“… can only be described as a hipster fever dream.”
Mistress America is yet another Noah Baumbach film about affluent twenty-somethings chasing their dreams in New York; but surprisingly I didn’t hate it. Mistress America stars Lola Kirke as a college freshman who is trying desperately to find her identity. She then meets Brooke (Greta Gerwig), her soon-to-be sister in law who she finds infinitely fascinating. The pair then go on many adventures in a short amount of time, and there really isn’t much else I can tell you about this movie.
What I loved about Mistress America is that it was really funny. Something about the writing style of Gerwig and Baumbach really pinpoint the outlandishness of their characters and they exploit it for the audiences benefit. The beginning of the movie is a fairly refined, rather pedestrian look at college life, but when the character of Brooke is introduced it can only be described as a hipster fever dream. The scenarios are so bizarre, the characters are so unique, the dialogue is so sharp; everything about Mistress America is impressive. At least in terms of comedy.
But the one thing that gets in the way of my enjoyment of this film is that I just don’t get it. I haven’t watched many of Noah Baumbach’s films, but most recently I watched Frances Ha. In my opinion, both Frances Ha and Mistress America tackle the same story from different perspectives. The character of Frances and the character of Brooke are the same person, but you only get to see the character of Brooke from the outside. What I didn’t get about Frances Ha at the time was whether or not Baumbach was critiquing the lifestyle that Frances was portraying. In Mistress America I found out that he probably was.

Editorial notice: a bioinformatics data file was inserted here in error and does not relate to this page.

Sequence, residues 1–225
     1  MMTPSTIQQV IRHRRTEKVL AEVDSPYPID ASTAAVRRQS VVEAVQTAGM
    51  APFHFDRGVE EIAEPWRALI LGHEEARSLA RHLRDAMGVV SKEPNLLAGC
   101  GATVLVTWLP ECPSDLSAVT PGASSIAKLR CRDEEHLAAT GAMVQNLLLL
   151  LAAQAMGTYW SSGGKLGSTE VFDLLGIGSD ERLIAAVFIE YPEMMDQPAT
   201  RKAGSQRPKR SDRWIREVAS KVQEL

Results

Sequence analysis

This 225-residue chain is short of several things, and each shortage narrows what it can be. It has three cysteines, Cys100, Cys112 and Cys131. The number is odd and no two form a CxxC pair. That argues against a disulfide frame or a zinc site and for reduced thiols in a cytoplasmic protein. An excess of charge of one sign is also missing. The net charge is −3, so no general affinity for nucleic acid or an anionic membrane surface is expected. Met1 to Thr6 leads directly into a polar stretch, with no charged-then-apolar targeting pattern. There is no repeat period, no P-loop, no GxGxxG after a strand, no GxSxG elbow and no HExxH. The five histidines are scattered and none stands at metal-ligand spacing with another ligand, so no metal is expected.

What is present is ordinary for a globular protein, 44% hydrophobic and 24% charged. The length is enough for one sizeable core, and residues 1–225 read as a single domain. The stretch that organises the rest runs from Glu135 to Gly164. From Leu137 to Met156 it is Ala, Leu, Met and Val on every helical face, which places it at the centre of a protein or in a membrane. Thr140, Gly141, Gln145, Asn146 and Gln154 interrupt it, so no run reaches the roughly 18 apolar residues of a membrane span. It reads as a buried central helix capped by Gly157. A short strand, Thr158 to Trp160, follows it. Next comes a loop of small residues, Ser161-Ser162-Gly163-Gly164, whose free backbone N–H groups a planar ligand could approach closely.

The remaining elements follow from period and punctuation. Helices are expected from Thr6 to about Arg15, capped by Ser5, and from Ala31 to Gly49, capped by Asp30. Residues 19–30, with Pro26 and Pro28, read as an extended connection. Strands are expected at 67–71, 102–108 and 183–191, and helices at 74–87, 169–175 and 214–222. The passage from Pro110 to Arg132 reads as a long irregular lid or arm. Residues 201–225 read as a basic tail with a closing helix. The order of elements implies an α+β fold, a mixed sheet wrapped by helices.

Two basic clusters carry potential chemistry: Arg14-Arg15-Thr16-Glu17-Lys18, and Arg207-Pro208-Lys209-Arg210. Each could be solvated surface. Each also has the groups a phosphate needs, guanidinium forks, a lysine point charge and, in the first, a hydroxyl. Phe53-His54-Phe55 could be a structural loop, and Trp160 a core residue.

The character of Lola is introduced in this movie as a writer, and she proceeds to write about her experiences with Brooke. What she writes is, in my opinion at least, what Baumbach and Gerwig are trying to say. Lola pinpoints every single character flaw that Brooke exhibits, down to her own character flaw of enabling her. This was a strange path for the movie to take in my opinion as it’s not often that a satire will directly call out every problem it has with a particular subject. But even stranger still was the fact that Mistress America, even after calling out every single thing that was wrong with Brooke, did nothing to resolve it.
Brooke starts and ends in the same point. Lola, much like us, sees her for a flash and immediately gets everything about her. But maybe that’s the point. Maybe Baumbach and Gerwig are trying to say that you can’t know someone if you don’t know them. This is where the movie loses me. I don’t understand what the point was, and it’s frustrating becasue there obviously was a point. You can’t write a character like Brooke and then spell out every one of her character flaws and then just go “Oh well” and end the movie. It feels like I’ve only seen part of the story. There needs to be a resolution.
Overall Mistress America is a mystery to me. The movie introduced a problem, outlined every facet of said problem, and then did nothing to fix it. And what bothers me most is that I don’t know if I’m looking too far into it, or if the movie just neglected to have an ending. At least it was funny.
I give Mistress America a B